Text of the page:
Third vaccine doses being made available

Rhode Island residents with compromised immune systems are eligible to receive a third dose of the coronavirus vaccine.

The U.S. Food and Drug Administration amended its emergency use authorizations for the Pfizer and Moderna products last Thursday to allow an additional dose in certain Americans. In Rhode Island, cases of the coronavirus have increased for six consecutive weeks, surging from 12 cases per 100,000 population for the week ending July 3 to 176 for the week ending Aug. 14.

“The country has entered yet another wave of the COVID-19 pandemic, and the FDA is especially cognizant that immunocompromised people are particularly at risk for severe disease,” said Dr. Janet Woodcock, commissioner of the federal agency. “After a thorough review of the available data, the FDA determined that this small, vulnerable group may benefit from a third dose.”

According to Woodcock, fully vaccinated Americans without compromised immune systems are “adequately protected and do not need an additional dose at this time.”

Gov. Dan McKee said Rhode Island residents who qualify for the third shot should schedule an appointment at or by calling 1-844-930-1779. Including the Sockanosset site in Cranston, the third dose is available at all venues where first and second doses are available.

“The vaccine already provides excellent protection against COVID-19-associated hospitalizations and fatalities, and this additional dose will give even more immunity to people who may be a little more vulnerable,” McKee said. “Ample vaccine supply exists in Rhode Island to meet this new demand and we have the infrastructure in place to move swiftly. For any eligible Rhode Islanders who have not yet gotten their first vaccine, it is time.”

According to the Rhode Island Department of Health, people are considered immunocompromised if they are seeking active treatment for solid tumor or hematologic malignancies. Recipients of organ transplants and hematopoietic stem cell transplants, and people taking immunosuppression therapy, also qualify.

Rhode Island residents with a primary immunodeficiency, such as DiGeorge syndrome or Wiskott Aldrich syndrome, or diagnosed with advanced or untreated HIV infections also should seek a third shot. Finally, people qualify if they are seeking active treatment with high-dose corticosteroids, alkylating agents, antimetabolites, cancer chemotherapeutic agents, tumor-necrosis blockers and other biologic agents that are immunosuppressive or immunomodulatory.

Rhode Island will use a selfattestation model for people who are immunocompromised, and documentation of their health status will not be required, officials said. There are approximately 35,000 people in Rhode Island who are considered moderately to severely immunocompromised, the health department said. That number is not broken down by community, it said.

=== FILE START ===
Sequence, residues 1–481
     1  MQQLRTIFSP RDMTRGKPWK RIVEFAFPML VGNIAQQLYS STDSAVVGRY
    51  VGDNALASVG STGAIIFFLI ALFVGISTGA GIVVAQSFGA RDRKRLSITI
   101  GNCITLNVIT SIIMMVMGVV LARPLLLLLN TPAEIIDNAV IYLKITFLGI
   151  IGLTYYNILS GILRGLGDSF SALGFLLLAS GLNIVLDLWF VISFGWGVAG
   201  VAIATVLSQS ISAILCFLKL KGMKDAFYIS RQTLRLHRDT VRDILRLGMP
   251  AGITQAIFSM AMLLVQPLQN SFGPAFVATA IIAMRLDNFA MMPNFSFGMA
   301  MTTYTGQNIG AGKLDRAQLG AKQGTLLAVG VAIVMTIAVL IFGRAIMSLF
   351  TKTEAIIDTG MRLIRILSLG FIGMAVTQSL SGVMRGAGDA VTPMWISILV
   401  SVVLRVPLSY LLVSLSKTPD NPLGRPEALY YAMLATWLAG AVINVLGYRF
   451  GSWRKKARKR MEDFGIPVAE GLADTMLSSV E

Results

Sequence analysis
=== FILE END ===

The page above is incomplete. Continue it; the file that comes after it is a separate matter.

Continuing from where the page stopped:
Whenever possible, people who received two doses of the Pfizer vaccine will receive a third dose of that product, and vice versa for the Moderna vaccine. Interchangeability of the two vaccines, however, is permissible. People should wait at least 28 days between their second and third doses.

Because of the outbreak from the virus’ delta variant, testing for the coronavirus has increased, and the state is amending its operations to support that demand. The 17 testing sites administered by the state, including the train station at Wickford Junction, which is the closest site to Jamestown, now require appointments through portal. or by calling 401-222-8022. Jamestown’s police chief, Ed Mello, said there currently are no plans to reinstitute local testing. For three months in the spring, tests were available every Friday behind St. Matthew’s Episcopal Church.

From July 26 to Aug. 2, there was a 69 percent increase in the number of tests scheduled at these sites. When demand for COVID-19 testing was lower, these sites would accommodate people without appointments. With demand higher, however, the state is returning to an appointment-only model to make the operation process as streamlined and efficient as possible. Making an appointment reduces long lines and crowding. Rhode Island’s COVID-19 testing program currently administers about 4,600 tests on average each weekday. Rhode Island residents who are not vaccinated are encouraged to get tested weekly, and vaccinated people should be tested if they experience symptoms, even if they think it’s just a cold or allergies.

Six more Jamestown residents tested positive for the coronavirus in the past week, upping the total to 360 cases since the pandemic reached the United States at the start of 2020. The local vaccination rate is 73.2 percent, which is the third-highest rate in Rhode Island after Barrington and East Greenwich.